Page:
The Unvarnished Truth About Keyboard Trainers

— It’s Probably Not Their Fault

Alright. Sit tight. I’m about to lay something on you that’s as electrifying as a lightning bolt in a bottle. There are a couple of reasons why my mood’s striking a high note tonight—scratch that, it’s not about my mood—it’s about the substance.

First off, let’s talk about marvels of human achievement—specifically, the kind that’ll have your jaw meeting the floor. I have the distinct pleasure of rubbing elbows with some physical specimens at the gym, the kind that communicate in the universal language of iron and sweat. These aren’t your average Joe’s prancing on a treadmill; these are titans sculpting flesh like Michelangelo did marble.

Now, chew on this for a second reason—yesterday’s revelation. The new, redesigned format of the site. It’s slick. It’s intuitive. I roll up to my own homepage, and it’s like staring down a buffet of topics ripe for the picking. I could carve up a post on this, shred a post on that. The layout? It’s topic-based, a smorgasbord for an intellectual feast. And just when the timing couldn’t get any more impeccable, I’ve got a couple more brainchildren ready to burst forth from the cerebral womb, primed to coincide with a promotion that’s ticking down its final hours. If you’re in New York, you’re looking at a deadline tighter than a drum—two, maybe three days tops.

So, mark your calendars. Tick-tock. The clock’s relentless march waits for no one. Let’s dive in, shall we?

… But first, look, I’m not here to bruise anyone’s ego. In fact, I’ve got dude respect for the gym bros, far more than for the dime-a-dozen diet gurus. Why? Because you can’t fake iron. To sell fitness, you’ve got to look the part or kiss credibility goodbye. In the diet arena, we’ve seen enough charlatans to last a lifetime.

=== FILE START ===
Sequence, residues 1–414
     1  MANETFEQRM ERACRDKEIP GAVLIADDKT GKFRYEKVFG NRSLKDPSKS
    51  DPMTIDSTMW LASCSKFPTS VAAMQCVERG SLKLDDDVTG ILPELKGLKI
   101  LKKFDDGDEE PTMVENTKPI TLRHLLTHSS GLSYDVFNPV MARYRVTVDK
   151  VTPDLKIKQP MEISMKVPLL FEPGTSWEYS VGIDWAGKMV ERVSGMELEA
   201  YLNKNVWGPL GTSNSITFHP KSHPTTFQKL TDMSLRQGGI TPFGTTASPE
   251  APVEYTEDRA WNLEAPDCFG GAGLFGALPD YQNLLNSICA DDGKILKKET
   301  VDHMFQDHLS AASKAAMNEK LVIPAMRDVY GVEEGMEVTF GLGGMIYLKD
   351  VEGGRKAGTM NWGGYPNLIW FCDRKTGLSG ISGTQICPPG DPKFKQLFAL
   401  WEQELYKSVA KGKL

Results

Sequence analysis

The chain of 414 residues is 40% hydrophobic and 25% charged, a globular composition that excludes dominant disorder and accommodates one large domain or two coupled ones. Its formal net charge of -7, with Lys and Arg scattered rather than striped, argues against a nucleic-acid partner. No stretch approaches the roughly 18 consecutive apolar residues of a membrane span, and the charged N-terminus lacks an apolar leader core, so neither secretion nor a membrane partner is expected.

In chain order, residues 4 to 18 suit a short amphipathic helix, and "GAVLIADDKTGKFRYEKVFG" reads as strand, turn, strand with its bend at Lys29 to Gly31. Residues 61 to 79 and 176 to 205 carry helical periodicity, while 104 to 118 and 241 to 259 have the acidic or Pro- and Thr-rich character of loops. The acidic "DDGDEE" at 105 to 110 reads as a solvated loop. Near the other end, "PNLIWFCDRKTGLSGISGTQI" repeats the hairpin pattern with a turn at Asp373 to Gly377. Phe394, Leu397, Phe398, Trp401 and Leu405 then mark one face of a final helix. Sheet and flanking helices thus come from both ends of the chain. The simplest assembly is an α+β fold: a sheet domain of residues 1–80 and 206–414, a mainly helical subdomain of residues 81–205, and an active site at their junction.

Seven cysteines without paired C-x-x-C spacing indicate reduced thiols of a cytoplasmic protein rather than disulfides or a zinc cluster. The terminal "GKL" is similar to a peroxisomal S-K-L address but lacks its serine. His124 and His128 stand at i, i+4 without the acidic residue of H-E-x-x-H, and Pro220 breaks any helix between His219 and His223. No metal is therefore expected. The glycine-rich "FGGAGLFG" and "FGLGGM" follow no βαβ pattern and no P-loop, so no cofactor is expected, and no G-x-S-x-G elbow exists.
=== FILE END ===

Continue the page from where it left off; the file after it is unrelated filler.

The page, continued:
Business is about being the alpha, not the also-ran confessing there’s better out there. You claim the top spot, or you’re just background noise. So, hats off to the trainers who walk their talk.

Here’s the deal: I’m not here to bash any specific training methodology. Whether it’s powerlifting, Olympic lifting, CrossFit, HIT, HIIT, or whatever time-under-load, super-slow, or high-volume torture you prefer, the best program is the one that gets your ass to the gym consistently. Period.

Personally, I like a foundational medium-to-high volume gig because it’s challenging, fun, and exhausing. Low-rep high intensity leaves me feeling like I’ve cheated myself. That’s what I’m doing now in Phase cheeter-cheeter III. But, the PRs are falling like wobbly bowling pins in a stiff northern, so there’s that satisfaction.

Now, let’s drill down to the nitty-gritty. Amidst the swamp of so-called “optimal” information, if you want the real science on body composition, you look for the transformations. Sure, we’ve got studies in the gym world like the diet world, but they’re often chasing the wind. What do you really need to know? Whether two sets of 10 with heavy dumbbells beat four sets of 20 with lighter ones? Some time-under-load calculations or simple slow-burn… It’s all about what gets you results.

For the uninitiated, here’s a quick primer: If you’re pumping two sets of 10, those dumbbells are going to be hefty. Four sets of 20? Lighter weights but more endurance. You’re aiming to exhaust the muscle, whichever route you take.

Before I unveil the promised goods, let’s talk shop with the monsters I rub shoulders with at my gym. These are not your average Joes; we’re talking professional, competitive bodybuilder types. Take a peek at this photo and a 1-minute video clip of my upright row session from the other day. I’m 10-repping 95 kg, about 209 pounds, for context. Come next Tuesday? I’m gunning for the bottom of the stack—105 kg, or roughly 230 pounds.

December 29, 2023; Muscle Factory, Pattaya, Thailand